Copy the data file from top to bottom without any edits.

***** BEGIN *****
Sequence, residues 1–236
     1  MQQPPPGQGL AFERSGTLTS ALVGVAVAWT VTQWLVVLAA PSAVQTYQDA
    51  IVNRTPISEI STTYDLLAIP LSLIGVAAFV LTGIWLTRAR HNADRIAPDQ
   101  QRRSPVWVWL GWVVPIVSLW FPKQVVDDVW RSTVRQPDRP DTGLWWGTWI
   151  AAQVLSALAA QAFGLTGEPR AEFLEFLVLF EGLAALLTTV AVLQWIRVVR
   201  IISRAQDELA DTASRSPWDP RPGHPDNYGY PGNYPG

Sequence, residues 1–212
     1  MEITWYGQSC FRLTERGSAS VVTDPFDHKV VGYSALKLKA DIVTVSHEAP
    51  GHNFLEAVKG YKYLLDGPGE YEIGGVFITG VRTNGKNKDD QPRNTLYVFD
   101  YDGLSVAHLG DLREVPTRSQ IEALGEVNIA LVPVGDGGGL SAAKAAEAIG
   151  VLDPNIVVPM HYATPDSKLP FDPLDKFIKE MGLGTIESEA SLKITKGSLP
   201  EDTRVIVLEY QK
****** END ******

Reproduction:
Sequence, residues 1–236
     1  MQQPPPGQGL AFERSGTLTS ALVGVAVAWT VTQWLVVLAA PSAVQTYQDA
    51  IVNRTPISEI STTYDLLAIP LSLIGVAAFV LTGIWLTRAR HNADRIAPDQ
   101  QRRSPVWVWL GWVVPIVSLW FPKQVVDDVW RSTVRQPDRP DTGLWWGTWI
   151  AAQVLSALAA QAFGLTGEPR AEFLEFLVLF EGLAALLTTV AVLQWIRVVR
   201  IISRAQDELA DTASRSPWDP RPGHPDNYGY PGNYPG

Sequence, residues 1–212
     1  MEITWYGQSC FRLTERGSAS VVTDPFDHKV VGYSALKLKA DIVTVSHEAP
    51  GHNFLEAVKG YKYLLDGPGE YEIGGVFITG VRTNGKNKDD QPRNTLYVFD
   101  YDGLSVAHLG DLREVPTRSQ IEALGEVNIA LVPVGDGGGL SAAKAAEAIG
   151  VLDPNIVVPM HYATPDSKLP FDPLDKFIKE MGLGTIESEA SLKITKGSLP
   201  EDTRVIVLEY QK